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Old 06-17-2011, 04:48 AM
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Re: Painting techniques: Van Eyck, Rubens and Rembrandt

[quote=saintlukesguildOne thing I cannot believe is Rembrandt ever used ultramarine.[/quote]You could be right. The text mentions several pigments that were available in Rembrandt's time, stating that the ones in italics were used by Rembrandt. But all of them are in italics. I was puzzled by this, but it's probably a mistake.
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Old 06-17-2011, 11:01 AM
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Re: Painting techniques: Van Eyck, Rubens and Rembrandt

In the Waldemar Januszak book I mentioned earlier, he singles out Rembrandt's use of azurite and smalt as his choices for blues. Again, I don't know what his source of that information is, but it seems reasonable. Smalt in particular was very economical to produce.
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Old 06-20-2011, 03:12 AM
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Re: Painting techniques: Van Eyck, Rubens and Rembrandt

Interesting that Rembrandt stayed away from ultramarine, where others such as Vermeer used it so regularly. We know as artists that we all have our likes and dislikes - perhaps Rembrandt simply didn't like the color so much, and wondered what all the fuss and expense was about.

I think we must add a few more lakes to Rembrandt's palette here: weld and buckthorn, and maybe others, to the yellows; and madder and cochineal to the reds.
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Old 06-21-2011, 04:18 PM
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Re: Painting techniques: Van Eyck, Rubens and Rembrandt

The pigment to the right here looks awfully blue, I guess it could be azurite?

Last edited by sidbledsoe : 06-21-2011 at 04:23 PM.
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Old 06-21-2011, 09:03 PM
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Re: Painting techniques: Van Eyck, Rubens and Rembrandt

Sid, the display is a reconstruction. It's probably PB29, 'French Ultramarine,' the usual, modern synthesized pigment.
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Old 06-21-2011, 10:10 PM
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Re: Painting techniques: Van Eyck, Rubens and Rembrandt

Quote:
natural copper of carbonate was no doubt the most important blue pigment in European painting from the 15th century to the middle of the 17th century and in paintings from that period it is found more frequently than ultramarine.
Yes I know that it is pure speculation, but it is fun to speculate, I would hope to give them more credit than that, the museum conservationists I have talked to were pretty knowledgable and here we are talking Rembrandt's house museum that will be seen by all sorts of world class experts and it is commonly known and well published that Rembrandt didn't use ultramarine but did use azurite and it does look awfully blue:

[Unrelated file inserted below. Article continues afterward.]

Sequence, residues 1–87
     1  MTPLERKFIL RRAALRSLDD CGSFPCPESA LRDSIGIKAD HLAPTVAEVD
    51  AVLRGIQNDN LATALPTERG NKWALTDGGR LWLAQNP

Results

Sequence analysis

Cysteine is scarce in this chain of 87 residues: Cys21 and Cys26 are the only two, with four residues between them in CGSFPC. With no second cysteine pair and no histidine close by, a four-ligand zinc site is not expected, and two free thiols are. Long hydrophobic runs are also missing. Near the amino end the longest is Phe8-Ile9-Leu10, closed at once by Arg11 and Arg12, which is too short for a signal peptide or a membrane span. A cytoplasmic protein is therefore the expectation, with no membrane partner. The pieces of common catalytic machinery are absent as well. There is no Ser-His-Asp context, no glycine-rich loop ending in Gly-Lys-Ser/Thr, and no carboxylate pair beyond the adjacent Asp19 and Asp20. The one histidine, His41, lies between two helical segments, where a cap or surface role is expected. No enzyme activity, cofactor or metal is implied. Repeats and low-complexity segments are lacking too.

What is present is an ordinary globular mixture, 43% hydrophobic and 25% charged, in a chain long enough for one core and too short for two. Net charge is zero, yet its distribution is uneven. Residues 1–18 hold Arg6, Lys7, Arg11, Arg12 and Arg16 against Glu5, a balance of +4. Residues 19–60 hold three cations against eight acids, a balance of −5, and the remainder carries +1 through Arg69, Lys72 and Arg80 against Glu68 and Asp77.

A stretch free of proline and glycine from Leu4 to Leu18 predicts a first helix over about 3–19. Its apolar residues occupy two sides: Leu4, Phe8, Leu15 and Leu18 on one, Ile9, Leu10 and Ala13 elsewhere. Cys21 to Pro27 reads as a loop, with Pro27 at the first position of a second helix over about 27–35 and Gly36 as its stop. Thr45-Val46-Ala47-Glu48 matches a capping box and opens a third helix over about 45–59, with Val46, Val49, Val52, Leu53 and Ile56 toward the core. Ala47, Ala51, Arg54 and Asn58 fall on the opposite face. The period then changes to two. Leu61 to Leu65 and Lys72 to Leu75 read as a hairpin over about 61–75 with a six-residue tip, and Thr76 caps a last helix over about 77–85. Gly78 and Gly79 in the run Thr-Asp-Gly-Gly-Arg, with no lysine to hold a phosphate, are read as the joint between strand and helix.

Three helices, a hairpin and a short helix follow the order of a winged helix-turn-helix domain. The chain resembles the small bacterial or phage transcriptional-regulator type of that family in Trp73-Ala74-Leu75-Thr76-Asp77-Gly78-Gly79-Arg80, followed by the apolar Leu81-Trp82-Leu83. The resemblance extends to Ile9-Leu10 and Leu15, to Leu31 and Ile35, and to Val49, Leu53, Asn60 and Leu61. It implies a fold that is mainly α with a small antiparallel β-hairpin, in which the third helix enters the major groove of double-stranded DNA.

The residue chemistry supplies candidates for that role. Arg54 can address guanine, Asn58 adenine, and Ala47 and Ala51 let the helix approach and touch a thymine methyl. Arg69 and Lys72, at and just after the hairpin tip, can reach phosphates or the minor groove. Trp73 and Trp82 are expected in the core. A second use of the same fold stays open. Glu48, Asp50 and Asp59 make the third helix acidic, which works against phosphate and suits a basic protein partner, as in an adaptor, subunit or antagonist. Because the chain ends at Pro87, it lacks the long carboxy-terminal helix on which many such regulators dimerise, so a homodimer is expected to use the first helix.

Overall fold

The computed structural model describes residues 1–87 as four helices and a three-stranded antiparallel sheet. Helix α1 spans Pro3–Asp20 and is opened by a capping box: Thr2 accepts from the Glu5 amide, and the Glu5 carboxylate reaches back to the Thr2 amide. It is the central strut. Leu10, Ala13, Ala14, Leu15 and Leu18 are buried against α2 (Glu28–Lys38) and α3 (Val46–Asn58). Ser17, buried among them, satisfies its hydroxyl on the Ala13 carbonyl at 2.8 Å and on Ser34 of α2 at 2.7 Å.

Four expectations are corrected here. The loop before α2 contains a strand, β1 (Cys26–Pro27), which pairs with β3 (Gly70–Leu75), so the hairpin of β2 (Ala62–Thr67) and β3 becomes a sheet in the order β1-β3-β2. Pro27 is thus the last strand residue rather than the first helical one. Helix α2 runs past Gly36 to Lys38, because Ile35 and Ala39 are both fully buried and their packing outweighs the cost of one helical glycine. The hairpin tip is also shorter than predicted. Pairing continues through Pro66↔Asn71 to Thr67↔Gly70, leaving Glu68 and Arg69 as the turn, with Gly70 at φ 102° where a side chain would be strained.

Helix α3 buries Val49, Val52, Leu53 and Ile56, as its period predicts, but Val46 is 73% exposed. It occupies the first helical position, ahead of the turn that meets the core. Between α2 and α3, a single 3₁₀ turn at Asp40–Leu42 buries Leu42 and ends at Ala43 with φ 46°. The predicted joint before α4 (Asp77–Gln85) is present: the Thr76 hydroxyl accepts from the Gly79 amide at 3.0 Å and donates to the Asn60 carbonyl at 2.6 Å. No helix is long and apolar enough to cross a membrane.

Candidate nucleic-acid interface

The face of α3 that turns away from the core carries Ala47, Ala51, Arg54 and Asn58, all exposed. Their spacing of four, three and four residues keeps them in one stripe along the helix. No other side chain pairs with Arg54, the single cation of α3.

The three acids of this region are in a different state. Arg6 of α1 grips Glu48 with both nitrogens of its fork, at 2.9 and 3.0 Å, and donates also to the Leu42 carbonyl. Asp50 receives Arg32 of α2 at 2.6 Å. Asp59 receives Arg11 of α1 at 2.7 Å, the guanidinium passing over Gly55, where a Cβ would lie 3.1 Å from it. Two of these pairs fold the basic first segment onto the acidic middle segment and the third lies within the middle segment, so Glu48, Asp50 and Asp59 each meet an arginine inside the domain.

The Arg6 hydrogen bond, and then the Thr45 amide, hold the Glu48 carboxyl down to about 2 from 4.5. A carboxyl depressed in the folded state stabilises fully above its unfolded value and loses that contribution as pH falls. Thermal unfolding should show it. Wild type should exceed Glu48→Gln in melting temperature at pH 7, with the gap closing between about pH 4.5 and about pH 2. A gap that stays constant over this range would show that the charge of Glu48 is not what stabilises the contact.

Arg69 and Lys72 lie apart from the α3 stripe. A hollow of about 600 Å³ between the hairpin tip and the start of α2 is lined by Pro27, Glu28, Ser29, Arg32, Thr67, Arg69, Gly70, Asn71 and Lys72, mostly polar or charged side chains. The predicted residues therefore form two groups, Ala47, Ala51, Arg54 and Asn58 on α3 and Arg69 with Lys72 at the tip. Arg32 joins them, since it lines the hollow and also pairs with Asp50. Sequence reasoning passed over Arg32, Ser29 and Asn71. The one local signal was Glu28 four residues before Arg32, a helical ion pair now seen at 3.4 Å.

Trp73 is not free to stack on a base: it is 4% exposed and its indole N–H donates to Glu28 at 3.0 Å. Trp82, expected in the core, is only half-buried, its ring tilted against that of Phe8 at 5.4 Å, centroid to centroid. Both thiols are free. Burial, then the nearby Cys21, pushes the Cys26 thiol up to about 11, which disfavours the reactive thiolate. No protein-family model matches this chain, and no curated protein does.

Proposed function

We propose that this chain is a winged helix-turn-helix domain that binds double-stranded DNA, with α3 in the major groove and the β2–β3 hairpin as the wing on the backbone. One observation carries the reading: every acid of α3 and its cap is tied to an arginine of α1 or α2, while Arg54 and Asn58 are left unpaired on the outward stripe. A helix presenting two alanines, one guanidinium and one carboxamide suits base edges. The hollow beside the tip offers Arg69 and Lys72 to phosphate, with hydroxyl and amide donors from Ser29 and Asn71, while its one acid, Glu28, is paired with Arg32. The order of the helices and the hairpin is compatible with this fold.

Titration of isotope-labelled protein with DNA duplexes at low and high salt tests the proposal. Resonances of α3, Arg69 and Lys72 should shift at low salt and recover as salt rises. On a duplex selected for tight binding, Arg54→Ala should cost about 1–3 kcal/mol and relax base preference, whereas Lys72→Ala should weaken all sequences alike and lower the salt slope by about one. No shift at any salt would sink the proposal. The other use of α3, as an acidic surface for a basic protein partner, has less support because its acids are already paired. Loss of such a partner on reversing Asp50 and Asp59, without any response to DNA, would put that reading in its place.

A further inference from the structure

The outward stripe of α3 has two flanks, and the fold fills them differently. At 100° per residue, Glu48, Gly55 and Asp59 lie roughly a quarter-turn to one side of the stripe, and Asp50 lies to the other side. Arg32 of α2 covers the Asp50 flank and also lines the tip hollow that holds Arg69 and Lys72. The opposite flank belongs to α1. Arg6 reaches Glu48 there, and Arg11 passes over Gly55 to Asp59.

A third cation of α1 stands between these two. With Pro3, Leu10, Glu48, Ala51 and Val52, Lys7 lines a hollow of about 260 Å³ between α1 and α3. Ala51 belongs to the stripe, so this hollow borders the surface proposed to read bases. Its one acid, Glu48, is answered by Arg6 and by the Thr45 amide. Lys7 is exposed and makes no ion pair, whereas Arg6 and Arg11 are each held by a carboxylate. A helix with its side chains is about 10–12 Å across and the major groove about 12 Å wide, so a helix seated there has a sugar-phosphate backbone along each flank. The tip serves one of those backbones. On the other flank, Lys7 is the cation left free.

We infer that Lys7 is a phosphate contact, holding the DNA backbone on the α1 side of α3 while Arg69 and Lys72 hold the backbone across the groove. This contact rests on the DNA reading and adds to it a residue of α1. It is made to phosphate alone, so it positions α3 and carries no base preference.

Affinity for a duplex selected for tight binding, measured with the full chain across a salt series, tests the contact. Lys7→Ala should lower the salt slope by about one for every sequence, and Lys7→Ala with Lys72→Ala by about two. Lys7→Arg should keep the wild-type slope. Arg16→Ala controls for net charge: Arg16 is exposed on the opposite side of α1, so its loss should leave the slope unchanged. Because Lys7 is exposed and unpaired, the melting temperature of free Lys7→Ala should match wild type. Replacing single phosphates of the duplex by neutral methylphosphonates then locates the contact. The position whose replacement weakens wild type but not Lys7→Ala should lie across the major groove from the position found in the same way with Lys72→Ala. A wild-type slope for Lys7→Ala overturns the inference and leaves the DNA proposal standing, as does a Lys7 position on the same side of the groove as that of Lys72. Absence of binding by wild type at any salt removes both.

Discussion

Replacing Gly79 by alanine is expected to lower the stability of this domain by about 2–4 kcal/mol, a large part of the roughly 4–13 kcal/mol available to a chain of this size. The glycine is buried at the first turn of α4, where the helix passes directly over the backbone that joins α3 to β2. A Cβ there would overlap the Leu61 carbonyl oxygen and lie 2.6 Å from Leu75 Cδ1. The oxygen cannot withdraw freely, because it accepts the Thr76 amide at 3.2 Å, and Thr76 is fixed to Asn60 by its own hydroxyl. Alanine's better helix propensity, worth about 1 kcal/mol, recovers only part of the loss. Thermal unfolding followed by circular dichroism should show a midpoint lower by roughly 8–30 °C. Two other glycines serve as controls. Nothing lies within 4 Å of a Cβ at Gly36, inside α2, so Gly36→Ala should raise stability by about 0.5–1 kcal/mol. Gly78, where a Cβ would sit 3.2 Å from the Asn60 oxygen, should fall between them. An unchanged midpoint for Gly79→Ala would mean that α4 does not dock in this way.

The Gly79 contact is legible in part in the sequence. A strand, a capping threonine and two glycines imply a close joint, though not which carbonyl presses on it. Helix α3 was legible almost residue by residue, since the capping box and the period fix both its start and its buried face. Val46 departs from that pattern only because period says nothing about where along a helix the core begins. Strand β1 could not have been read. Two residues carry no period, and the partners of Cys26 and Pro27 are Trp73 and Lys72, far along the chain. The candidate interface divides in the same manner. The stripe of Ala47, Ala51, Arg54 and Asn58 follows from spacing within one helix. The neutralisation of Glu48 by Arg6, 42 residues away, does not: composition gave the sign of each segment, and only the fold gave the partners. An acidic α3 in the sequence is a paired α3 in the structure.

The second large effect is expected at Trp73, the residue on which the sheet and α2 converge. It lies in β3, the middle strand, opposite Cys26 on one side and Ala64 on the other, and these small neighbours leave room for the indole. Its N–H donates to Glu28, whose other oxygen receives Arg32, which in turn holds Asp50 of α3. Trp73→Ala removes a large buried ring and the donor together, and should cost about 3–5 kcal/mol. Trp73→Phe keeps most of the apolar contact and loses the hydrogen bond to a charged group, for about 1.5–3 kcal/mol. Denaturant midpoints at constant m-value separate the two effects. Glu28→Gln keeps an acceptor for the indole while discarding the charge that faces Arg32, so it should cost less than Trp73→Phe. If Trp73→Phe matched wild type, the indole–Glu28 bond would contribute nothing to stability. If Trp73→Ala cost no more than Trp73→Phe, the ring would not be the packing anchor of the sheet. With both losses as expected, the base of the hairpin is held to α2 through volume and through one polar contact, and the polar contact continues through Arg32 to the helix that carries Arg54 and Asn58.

Since I haven't seen azurite myself, my question to any expert was, does that look like it could possibly be azurite.

Last edited by sidbledsoe : 06-21-2011 at 10:35 PM.
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Old 06-21-2011, 11:48 PM
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Re: Painting techniques: Van Eyck, Rubens and Rembrandt

Playing around the Kremer site, it could be smalt: http://kremerpigments.com/shopus/ind...&product=10000

Kremer azurite-based pigments are lighter:
http://kremerpigments.com/shopus/ind...&product=10201
http://kremerpigments.com/shopus/ind...&product=10203
http://kremerpigments.com/shopus/ind...&product=10204
http://kremerpigments.com/shopus/ind...&product=10206
http://kremerpigments.com/shopus/ind...&product=10208

As for historicity, this blog asserts that the wood palette included in the display is upside down: http://karinwells.blogspot.com/2009/07/blog-post.html
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Old 06-22-2011, 12:18 AM
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Re: Painting techniques: Van Eyck, Rubens and Rembrandt

She also asserts in that blog that he couldn't have used a small palette yet Rembrandt did self portraits of himself in which he paints himself using a small palette, I would not put my faith of historicity in blog info. I would put it in Remy himself, here are a couple where he is using a palette similar to the one pictured from his house that she has a problem with:


Yes, after looking up comparitive photos, I agree that it looks more like smalt than azurite.

Last edited by sidbledsoe : 06-22-2011 at 12:38 AM.
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Old 06-22-2011, 06:28 AM
DaveGhmn DaveGhmn is offline
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Re: Painting techniques: Van Eyck, Rubens and Rembrandt

Sid, yes, good catch on your part.

I used the weasel wording, 'this blog asserts,' because I didn't think of any way to double-check what the blogger was blogging -- not being investigative or imaginative enough to think about turning to RvR's self-portraits...
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